Meet the Belts
The Belt Ranking System
(Extract from a Rhee Taekwondo Grading booklet)
The six orders of coloured belts in Tae Kwon-Do have not been arbitrarily chosen for convenience sake, as many people believe. They are in fact steeped in tradition.
The colours of black, brown (red) and blue denoted the various levels of hierachy during the Silla Dynasty. The belts in themselves are indicative of a student's level of training because of the meanings behind the colours.
Signifies the innocence of a beginning student who has no previous knowledge of Tae Kwon-Do. The white uniform symbolizes purity.
Signifies the earth from which a plant sprouts and takes root as the Tae Kwon-Do foundation is being laid. Also the sun which instigates the birth of the seed.
Signifies the new plant's growth, gaining strength as the Tae Kwon-Do skills begin to develop.
Signifies the heaven towards which the plant matures into a towering tree as training in Tae Kwon-Do progresses. The vastness of the sky indicating the beginning of a true understanding of technique.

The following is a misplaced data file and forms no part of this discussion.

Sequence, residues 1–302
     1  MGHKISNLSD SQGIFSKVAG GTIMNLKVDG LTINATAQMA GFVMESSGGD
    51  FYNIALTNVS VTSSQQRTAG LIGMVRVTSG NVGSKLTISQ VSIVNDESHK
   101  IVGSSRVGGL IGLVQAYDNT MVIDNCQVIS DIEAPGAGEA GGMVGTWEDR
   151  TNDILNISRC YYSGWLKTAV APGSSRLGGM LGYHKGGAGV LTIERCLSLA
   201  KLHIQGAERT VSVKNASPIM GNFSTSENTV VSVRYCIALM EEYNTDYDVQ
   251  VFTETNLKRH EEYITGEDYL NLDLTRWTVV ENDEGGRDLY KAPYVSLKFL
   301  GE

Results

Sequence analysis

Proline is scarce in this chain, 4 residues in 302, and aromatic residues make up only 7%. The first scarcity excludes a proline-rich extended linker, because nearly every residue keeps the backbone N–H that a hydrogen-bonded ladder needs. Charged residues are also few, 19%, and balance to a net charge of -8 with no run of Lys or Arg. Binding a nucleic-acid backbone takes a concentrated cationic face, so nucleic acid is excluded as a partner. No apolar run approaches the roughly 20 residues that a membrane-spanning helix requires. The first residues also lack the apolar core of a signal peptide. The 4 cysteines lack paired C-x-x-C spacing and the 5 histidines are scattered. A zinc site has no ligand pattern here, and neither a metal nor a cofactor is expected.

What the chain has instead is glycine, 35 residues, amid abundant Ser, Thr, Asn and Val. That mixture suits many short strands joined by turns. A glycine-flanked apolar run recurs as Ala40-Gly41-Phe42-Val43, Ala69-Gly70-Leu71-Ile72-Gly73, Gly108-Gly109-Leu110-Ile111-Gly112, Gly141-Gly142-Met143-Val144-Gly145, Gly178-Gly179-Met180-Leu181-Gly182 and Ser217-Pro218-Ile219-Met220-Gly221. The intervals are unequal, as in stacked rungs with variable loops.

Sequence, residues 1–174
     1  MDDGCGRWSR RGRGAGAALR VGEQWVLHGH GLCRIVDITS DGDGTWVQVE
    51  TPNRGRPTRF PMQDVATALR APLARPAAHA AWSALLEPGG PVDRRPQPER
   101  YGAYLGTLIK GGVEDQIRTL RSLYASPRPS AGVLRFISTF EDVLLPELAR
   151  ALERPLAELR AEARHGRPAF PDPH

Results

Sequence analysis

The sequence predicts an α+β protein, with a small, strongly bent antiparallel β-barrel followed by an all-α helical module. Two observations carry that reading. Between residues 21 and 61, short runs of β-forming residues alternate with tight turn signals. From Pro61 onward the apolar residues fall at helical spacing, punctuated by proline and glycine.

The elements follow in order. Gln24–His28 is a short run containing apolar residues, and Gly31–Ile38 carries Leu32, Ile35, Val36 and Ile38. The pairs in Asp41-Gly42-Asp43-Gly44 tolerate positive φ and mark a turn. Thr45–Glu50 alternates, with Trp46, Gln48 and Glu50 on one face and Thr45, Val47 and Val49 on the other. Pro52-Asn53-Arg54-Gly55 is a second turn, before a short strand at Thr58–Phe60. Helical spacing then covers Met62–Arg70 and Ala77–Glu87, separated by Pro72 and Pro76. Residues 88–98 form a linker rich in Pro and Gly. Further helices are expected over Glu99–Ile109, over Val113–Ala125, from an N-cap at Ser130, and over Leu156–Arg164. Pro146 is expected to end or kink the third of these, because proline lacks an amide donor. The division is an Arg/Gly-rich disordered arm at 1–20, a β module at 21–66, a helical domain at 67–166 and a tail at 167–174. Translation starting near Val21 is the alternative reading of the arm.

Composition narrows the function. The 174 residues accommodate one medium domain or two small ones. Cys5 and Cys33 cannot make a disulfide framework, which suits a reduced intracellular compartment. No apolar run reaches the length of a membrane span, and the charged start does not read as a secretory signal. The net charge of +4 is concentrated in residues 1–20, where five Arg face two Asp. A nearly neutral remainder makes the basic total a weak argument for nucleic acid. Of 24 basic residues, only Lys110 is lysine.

Signifies the tree taking solid root in the earth as technique becomes increasingly proficient (RED indicates danger, cautioning the student to exercise control and warning the opponent to stay away.)
The opposite of white, therefore signifying the maturity and proficiency in Tae Kwon-Do. Black also indicates the endless universe and a realisation of the limitless techniques available. Also indicates the wearer's imperviousness to darkness and fear.
In deference to tradition, the black piping around the edge of the jacket worn by black belt holders is symbolic of the pure white shirt with black piping worn by the royal family and aristocrats during the Silla Dynasty, in Old Korea.
A student should not become preoccupied with achieving rank, realising that training and the stanard of technique are more important goals to strive for. Certainly, a would-be attcker will not be concerned with what colour belt his intended victim possesses.